Back in 1984, I didn’t see Children of the Corn because if I’m not mistaken, I believe I was “Stephen Kinged Out” by so many adaptations of his work popping up in theaters and not being all they could be. Amusingly enough, when this screener of the nicely restored 2K version popped up from Arrow Video in my mailbox, I’d actually been thinking about films made from King’s novels and short stories thanks to the recent arrival of IT into theaters.
I’d read a long time back that King wasn’t too fond of director Fritz Kiersch’s film partially thanks to the rewritten script by George Goldsmith altering and adding elements to King’s original short story. Let’s just say that the end result is a mixture of good intentions and lousy cost-cutting and leave it at that. Well, okay – that would mean this review would end at that last sentence, so I’ll elaborate if you care to read any further.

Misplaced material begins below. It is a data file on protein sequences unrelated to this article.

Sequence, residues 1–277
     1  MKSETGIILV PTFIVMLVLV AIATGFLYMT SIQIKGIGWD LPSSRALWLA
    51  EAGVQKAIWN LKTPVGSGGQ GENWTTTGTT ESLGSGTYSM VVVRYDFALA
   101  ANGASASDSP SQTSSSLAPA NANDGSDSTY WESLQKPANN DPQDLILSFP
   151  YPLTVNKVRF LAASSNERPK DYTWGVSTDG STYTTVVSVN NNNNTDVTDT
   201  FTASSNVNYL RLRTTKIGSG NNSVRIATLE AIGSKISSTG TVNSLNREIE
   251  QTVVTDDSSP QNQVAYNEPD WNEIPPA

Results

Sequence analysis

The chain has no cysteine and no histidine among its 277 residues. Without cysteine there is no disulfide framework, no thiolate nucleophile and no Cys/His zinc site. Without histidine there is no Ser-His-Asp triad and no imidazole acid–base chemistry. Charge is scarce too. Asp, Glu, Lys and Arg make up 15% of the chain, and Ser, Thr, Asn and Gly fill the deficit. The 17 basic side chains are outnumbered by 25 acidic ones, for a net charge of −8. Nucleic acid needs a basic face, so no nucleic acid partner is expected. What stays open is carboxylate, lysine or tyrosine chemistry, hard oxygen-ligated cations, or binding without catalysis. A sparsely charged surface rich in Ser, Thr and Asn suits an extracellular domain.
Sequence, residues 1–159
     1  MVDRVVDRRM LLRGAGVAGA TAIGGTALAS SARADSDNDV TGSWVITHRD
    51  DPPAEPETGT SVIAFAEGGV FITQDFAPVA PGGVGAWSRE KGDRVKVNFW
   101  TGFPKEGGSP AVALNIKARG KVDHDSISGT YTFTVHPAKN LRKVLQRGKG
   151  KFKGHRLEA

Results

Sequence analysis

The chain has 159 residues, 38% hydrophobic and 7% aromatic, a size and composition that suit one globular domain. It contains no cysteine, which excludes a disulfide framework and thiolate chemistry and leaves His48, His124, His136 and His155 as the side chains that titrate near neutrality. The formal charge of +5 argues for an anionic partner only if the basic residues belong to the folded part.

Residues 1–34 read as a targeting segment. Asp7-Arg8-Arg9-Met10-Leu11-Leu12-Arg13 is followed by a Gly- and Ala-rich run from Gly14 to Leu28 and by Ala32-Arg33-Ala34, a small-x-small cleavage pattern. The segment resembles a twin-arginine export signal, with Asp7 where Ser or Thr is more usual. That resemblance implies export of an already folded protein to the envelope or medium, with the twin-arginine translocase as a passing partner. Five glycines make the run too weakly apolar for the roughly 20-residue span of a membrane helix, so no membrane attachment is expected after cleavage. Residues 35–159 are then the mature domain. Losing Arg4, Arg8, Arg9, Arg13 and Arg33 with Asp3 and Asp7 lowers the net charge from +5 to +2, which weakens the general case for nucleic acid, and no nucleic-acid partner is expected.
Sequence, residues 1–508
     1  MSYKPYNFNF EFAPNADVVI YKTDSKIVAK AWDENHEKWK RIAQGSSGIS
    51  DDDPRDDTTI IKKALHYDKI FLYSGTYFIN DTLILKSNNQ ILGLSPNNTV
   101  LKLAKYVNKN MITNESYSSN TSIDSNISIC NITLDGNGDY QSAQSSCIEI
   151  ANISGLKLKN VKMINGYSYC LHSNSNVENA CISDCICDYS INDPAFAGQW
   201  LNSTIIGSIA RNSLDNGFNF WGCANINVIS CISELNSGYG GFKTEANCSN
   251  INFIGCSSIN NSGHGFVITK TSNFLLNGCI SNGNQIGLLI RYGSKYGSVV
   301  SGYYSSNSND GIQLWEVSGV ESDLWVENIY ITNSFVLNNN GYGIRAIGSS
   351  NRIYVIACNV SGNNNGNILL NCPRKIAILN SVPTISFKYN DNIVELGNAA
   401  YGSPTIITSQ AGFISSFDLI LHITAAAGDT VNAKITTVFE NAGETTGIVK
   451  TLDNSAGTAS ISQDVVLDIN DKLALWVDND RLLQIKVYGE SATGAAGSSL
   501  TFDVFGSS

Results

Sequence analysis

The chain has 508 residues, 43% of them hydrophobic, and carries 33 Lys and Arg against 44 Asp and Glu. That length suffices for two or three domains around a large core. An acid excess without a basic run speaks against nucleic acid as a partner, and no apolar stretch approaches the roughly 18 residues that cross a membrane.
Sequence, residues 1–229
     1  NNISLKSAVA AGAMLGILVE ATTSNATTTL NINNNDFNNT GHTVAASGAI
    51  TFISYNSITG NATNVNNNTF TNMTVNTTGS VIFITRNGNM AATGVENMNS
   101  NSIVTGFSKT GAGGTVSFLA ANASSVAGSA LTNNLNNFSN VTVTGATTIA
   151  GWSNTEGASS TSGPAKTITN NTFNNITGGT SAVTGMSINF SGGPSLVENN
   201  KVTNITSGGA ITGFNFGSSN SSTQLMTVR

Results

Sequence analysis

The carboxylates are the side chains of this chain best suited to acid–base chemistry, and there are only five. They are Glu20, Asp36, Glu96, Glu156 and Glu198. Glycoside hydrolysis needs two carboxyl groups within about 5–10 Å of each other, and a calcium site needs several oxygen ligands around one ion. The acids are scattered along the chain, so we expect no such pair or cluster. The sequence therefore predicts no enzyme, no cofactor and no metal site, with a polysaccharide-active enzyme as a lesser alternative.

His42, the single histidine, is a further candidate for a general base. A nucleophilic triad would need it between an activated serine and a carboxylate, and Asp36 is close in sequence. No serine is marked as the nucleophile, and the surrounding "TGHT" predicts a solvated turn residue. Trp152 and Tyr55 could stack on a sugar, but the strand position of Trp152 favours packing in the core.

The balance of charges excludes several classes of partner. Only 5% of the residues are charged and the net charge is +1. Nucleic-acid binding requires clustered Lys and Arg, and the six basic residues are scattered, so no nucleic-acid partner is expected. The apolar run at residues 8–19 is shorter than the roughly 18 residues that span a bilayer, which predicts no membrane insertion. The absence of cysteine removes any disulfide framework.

The best things about the film are the principal actors giving it their all, a few very effective shots and a nice reliance on “less is more” when it comes to onscreen violence. The worst things are some truly crummy visual effects that weren’t good back in 1984 (and really stink now), the abrupt ending that feels as if was added in post-production and the addition of two annoying kid characters (and a voice over narration) that give the film a sappy gloss that lessens the horror factor geometrically.